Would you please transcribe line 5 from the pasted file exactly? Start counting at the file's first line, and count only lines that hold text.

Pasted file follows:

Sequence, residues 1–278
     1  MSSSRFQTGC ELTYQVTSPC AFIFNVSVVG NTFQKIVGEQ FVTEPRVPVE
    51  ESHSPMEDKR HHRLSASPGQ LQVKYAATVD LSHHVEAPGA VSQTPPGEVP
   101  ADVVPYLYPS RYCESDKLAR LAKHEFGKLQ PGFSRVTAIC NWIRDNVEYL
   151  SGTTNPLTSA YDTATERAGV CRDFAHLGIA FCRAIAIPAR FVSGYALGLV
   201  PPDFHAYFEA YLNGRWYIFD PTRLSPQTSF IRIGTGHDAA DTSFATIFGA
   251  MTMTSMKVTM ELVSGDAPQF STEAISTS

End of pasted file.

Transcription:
   151  SGTTNPLTSA YDTATERAGV CRDFAHLGIA FCRAIAIPAR FVSGYALGLV